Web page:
Vitamin E helps your dog’s skin and coat health. Vitamin B6 helps to support a healthy nervous system. There are also some studies that have found a link between beta-carotene and arthritis, meaning it could be a potential supplement for older dogs. Beta carotene is best known as a benefit of pumpkin, but bell pepper is another excellent source. The nutrient can reduce the risk of cataracts and prevent different types of cancer. All of this is found in a single bell pepper.
The commercially available balanced dog food already contains the right level of vitamins and minerals. So, if you feed your dog small amounts of bell pepper during a balanced diet it is safe, but you won’t provide it with additional health benefits.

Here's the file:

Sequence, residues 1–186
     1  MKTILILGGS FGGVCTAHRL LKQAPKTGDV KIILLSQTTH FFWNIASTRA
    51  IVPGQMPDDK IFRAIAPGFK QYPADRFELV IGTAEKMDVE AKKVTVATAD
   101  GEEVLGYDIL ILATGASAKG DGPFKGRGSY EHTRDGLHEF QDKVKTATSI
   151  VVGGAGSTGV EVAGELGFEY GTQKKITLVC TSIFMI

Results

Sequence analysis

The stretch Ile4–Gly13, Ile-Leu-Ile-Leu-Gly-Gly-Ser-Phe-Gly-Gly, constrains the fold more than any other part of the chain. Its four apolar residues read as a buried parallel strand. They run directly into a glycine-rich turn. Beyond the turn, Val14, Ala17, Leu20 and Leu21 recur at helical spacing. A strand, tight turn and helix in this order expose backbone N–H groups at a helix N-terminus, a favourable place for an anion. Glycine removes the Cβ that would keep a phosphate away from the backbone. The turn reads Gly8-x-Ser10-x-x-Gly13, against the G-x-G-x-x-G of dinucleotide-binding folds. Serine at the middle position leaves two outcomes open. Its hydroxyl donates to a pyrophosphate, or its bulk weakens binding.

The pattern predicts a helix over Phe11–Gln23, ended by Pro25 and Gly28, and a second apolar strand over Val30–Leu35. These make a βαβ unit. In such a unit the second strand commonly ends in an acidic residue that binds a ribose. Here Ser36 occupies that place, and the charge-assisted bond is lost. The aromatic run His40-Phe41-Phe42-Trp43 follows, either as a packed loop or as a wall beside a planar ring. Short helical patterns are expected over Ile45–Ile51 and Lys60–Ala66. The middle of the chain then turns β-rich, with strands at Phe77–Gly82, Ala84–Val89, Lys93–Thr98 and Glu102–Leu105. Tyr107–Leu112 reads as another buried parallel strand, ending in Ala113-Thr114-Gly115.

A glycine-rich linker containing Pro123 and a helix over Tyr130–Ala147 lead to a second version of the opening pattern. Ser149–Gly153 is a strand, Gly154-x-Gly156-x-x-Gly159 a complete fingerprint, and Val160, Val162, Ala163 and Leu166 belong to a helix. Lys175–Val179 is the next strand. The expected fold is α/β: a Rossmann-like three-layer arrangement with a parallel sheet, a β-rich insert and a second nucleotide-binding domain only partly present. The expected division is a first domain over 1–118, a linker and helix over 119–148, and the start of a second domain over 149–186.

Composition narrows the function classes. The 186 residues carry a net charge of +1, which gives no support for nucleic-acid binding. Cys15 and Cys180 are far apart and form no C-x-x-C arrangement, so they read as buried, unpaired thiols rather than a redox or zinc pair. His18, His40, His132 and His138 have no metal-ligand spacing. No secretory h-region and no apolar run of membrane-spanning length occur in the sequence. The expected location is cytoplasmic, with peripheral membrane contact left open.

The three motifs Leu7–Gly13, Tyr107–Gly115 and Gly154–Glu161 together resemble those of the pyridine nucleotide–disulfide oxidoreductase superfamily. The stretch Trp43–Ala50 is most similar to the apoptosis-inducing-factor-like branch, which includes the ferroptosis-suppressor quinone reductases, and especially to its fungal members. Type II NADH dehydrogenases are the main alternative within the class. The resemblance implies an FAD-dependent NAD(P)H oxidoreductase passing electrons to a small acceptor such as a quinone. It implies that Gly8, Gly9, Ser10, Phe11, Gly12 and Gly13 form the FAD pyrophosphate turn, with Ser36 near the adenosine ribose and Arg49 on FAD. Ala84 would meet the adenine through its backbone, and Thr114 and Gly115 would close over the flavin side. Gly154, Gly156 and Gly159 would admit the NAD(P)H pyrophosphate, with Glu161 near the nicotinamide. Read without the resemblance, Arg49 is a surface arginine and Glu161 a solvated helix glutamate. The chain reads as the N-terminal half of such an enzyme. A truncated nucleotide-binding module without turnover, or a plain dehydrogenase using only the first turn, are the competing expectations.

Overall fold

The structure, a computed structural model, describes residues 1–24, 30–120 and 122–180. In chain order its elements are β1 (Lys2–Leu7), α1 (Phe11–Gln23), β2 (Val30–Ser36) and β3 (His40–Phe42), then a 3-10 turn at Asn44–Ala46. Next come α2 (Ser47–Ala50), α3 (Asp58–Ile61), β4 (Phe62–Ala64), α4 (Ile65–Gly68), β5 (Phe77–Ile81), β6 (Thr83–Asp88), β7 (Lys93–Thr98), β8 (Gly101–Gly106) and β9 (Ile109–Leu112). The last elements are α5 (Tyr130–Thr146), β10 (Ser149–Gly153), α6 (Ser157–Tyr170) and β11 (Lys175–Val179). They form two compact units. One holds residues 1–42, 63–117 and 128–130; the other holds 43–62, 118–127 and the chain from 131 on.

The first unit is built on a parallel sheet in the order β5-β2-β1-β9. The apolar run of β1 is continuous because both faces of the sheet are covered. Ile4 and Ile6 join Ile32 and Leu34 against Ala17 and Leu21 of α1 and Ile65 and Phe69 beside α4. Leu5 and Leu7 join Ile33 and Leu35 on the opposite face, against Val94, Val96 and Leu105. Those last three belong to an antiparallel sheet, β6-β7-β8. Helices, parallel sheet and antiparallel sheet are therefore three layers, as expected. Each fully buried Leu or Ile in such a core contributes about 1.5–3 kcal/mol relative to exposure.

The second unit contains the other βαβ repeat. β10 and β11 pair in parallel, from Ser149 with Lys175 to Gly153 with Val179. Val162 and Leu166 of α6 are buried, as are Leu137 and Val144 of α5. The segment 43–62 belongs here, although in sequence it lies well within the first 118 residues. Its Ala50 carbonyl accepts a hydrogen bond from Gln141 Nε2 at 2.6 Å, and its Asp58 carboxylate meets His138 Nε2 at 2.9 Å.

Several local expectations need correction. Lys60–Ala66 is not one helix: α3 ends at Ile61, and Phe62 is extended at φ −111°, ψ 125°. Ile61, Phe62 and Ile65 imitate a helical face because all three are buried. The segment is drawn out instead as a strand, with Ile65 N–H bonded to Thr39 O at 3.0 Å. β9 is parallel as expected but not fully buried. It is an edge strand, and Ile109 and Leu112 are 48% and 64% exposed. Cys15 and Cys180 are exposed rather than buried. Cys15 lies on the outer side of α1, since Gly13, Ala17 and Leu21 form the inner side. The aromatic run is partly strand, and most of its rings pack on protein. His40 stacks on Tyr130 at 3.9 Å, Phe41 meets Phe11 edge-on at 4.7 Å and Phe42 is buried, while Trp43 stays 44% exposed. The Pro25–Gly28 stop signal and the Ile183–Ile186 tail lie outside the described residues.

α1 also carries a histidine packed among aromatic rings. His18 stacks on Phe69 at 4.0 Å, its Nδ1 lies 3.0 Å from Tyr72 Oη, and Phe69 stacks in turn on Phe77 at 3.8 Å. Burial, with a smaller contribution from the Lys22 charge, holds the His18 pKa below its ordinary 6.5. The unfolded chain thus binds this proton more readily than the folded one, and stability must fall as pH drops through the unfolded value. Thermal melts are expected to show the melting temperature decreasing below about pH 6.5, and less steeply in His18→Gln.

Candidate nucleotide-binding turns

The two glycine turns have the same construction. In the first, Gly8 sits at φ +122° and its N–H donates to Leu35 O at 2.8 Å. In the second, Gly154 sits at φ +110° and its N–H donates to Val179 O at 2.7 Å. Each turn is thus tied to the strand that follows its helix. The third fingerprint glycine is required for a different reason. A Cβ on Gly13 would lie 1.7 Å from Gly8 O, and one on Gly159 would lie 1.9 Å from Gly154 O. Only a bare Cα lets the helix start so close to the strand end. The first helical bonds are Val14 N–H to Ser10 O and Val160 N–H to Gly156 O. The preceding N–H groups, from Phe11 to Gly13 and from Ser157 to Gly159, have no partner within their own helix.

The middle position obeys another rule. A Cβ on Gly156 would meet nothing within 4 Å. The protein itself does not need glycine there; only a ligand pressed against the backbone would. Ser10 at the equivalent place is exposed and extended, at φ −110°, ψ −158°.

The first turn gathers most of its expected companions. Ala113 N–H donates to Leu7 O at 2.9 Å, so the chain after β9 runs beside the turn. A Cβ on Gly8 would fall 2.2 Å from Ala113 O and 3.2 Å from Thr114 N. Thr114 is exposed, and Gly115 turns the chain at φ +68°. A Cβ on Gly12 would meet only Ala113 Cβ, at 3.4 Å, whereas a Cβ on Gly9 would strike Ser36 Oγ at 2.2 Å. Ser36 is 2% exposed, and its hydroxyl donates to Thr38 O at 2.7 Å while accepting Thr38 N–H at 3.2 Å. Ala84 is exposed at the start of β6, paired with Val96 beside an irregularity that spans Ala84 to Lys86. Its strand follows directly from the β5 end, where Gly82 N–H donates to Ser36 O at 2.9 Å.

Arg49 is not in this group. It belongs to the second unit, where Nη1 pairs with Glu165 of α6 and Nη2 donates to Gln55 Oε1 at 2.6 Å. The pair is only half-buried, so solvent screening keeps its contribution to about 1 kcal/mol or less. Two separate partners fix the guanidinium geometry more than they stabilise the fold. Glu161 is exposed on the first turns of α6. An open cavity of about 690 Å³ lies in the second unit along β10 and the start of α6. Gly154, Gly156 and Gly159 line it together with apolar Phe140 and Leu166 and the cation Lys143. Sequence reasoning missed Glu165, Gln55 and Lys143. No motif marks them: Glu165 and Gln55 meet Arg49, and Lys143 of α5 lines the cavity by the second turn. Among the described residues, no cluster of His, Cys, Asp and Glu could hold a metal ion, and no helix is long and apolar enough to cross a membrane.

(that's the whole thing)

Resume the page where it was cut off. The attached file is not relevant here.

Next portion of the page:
If you’re cooking at home for your dog, bell peppers can be nutritionally beneficial, but you should consult with a veterinarian to make sure your pet’s nutrition is balanced and the food is tasty.
In terms of raw nutrition, 100 grams of peppers contain about 30 calories, 1 gram of protein, 6 grams of carbohydrates, and about 1/2 gram of fat. This nutritional profile is typical of raw vegetables, but ball peppers have a fairly high proportion of protein compared to other vegetables.
Anyone who has ever bought these vegetables from a grocery store will know that fatty peppers can have different colors. So, does what color of pepper you choose really matter? Red peppers contain the highest concentrations of vitamin C and vitamin A, as well as beta-carotene, so while green, orange or yellow peppers are good options, red peppers are best.
However, one exception is that you should never feed your dog hot peppers. Dogs are not used to eating spicy foods, as many people are, which means that chili peppers will cause problems with their digestive system, such as severe diarrhea. While these reactions are often remedied with a night’s rest, they could lead to an unwanted trip to the veterinarian if enough chili pepper is ingested.